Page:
ed and by a unanmous vote (the only way it
can be done) he was transferred from active to
honorary membership.
A committee consisting of Messrs. Joseph
Wallerstein, L Z. Morris and M. S. Block, was
appointed to draft resolutions expressive of the
appreciation of the valuable services rendered
the association by Mr. Hutzler during his twen
ty-six years of membership.
Mr. Joseph Wallerstein made some good sug
gestions as to the entertainment committee ar
ranging for a series of scientific or historical
lectures.
Whilst thou Jivest, keep a good tongue in
thy head,— Shakespeare.
God knows each—his name, abode, calling
and character, — Adams.
Friendship is a cadence of divine melody
melting through the heart,— MiUlmty.
1 Trust him little who praises all, him less
who censures all, and him least of all who is
indifferent to all.— Lavater.
Get Your Lunch.
A.t Mokbis's 525 Ejst Broad street. Fresh
light pastry with Hot Coffee, Chocolate
and Bouillon. All kinds of Mineral Waters
■ on draught.
i A sufferer for years gratfuUy acknowledge
> the great benefit he received by taking Dr
David's Cough Syrup for Asthma and Bron
i chitis, of long standing. If you suffer, take it
and be cured. Only 26 cents evety where.
A Story of Righteous Indignation
A Story Which Makes the Heart Sick.
Two Tales from Life.
BY ZttrOßlA, TH» SA MAKITAK.
The days were growing shorter, the winds
were blowing fiercer, and that stearin, known
to the civilized world as the holidays, was ap
proaching. One evening, bleak and dreary,
there landed at an inland station, a damp, be
draggled woman, weary and footsore. She
was lean of limb and still leaner in purse.
Many and varied had been the means, resorted
to by this lone one, to battle with that, rave
nous wolf which was ever prowling at her
door. To-night finds her about to undertake a
project somewhat new, and as yet untried.
With help of friends she has pulled together
some rejected ex costumes and some ex-finery,
the property of a once-flourishing comic opera
company, now defunct. Her thought was
that under the auspices of some benevolent
society to attempt a children's cantata as a
holiday amusement, which, while sailing be
fore the patient public under that most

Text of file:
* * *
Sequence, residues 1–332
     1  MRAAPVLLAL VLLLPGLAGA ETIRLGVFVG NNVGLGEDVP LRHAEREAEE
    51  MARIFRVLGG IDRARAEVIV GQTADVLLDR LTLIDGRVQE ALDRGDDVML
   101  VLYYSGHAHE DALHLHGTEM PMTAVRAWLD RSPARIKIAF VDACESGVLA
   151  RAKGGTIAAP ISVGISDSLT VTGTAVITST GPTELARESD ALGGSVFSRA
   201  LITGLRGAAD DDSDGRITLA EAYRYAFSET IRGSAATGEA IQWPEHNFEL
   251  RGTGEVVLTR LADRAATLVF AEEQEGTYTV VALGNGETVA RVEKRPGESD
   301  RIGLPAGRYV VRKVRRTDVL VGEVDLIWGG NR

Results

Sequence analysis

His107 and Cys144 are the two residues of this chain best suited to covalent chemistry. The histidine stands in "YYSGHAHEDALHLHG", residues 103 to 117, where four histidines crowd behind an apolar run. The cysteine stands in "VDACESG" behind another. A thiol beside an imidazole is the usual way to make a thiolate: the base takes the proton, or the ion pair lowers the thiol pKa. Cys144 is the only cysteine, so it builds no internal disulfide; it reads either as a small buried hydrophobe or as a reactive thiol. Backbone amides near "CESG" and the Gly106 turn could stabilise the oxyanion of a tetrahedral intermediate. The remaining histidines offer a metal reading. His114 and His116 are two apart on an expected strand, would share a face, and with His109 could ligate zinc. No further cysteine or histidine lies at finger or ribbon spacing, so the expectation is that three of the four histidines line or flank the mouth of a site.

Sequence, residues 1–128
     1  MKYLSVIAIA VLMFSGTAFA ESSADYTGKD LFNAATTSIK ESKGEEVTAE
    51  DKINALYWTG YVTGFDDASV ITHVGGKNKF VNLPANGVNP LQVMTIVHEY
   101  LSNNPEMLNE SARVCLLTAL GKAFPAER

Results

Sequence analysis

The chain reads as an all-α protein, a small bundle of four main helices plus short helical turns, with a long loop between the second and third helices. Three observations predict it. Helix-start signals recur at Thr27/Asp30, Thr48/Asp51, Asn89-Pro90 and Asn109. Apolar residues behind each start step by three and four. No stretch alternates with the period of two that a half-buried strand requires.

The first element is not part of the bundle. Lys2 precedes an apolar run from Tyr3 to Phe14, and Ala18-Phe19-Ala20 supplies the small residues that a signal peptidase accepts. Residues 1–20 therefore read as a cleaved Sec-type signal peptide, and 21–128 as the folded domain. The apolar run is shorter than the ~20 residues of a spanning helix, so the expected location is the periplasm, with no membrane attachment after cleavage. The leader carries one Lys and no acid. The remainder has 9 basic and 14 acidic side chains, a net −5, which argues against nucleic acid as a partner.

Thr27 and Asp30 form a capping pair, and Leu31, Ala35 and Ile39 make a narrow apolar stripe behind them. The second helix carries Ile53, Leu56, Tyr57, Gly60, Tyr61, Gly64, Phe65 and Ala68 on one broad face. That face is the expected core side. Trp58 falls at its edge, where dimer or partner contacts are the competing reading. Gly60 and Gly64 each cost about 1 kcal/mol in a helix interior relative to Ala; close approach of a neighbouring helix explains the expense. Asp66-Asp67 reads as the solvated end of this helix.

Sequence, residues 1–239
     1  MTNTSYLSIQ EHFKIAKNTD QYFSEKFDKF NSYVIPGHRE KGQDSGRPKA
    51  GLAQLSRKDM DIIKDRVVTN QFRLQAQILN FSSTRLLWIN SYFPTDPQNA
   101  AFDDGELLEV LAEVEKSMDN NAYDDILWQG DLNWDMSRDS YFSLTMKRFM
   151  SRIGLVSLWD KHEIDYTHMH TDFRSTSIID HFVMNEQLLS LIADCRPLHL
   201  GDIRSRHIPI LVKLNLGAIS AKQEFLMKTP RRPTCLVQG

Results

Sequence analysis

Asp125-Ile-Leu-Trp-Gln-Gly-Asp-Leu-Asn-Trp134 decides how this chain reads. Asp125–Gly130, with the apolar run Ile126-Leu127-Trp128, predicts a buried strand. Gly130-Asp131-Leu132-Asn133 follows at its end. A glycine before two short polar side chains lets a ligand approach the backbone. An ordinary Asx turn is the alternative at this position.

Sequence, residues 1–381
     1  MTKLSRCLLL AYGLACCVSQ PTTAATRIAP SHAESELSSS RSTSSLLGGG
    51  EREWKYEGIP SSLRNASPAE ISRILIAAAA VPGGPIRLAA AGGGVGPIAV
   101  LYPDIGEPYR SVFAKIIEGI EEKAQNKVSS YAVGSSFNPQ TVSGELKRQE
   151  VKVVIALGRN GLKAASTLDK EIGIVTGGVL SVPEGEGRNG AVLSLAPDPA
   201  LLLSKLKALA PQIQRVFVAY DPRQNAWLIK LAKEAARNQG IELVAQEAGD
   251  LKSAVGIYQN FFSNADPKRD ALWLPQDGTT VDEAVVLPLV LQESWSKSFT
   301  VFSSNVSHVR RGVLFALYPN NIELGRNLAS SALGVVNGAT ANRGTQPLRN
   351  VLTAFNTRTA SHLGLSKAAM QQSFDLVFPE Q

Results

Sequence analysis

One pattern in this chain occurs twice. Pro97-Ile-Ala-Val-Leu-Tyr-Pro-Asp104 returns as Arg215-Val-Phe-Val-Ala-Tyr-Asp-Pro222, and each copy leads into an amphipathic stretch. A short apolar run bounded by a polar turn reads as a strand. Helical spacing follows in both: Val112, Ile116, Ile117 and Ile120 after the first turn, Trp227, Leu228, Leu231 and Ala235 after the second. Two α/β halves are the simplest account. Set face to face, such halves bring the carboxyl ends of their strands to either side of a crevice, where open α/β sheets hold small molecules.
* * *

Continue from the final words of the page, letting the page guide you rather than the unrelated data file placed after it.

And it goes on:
worthy name, charity, would at the same time
bring to herself good financial returns.
Having in due time obtained the chaperon
age of the much-sought-for society, the next
important step would be to select those chil
dren who would most likely be willing and.
suitable for the allotted parts. The leading
role being one in which skilled dancing was
required, two little girls were mentioned as
quite desirable—one Jewish, the other Christ
ian. To the mother of each did the woman
now apply, and having touched the-tender
sympathies of both by her well-told tale, each
in turn (although much against her will) con
sented.
What could she want of two? you ask. I
will tell you. In this material, pot-hooking
age every conceivable thing is crowded into an
advertising scheme. Thus this woman made
all possible haste to the editorial sanctum of
the Daily News where she made this offer :
that would the editor do her advertising gratis
he should have in return the use of the two
names for benefit to hia paper by what is com
monly known as cut coupons, the child re
ceiving the largest number of coupons to be
entitled to the leading role.
When the facts became known it was, of
course, of untold annoyance to both families,
but matters having progressed thus far, it was
beyond recall. In three days' time the vote
was counted which proved the Jewish child a
victor by two majority.
The morning following the decision two la
dies met —one the president of the aforemen
tioned benevolent society and the wife of one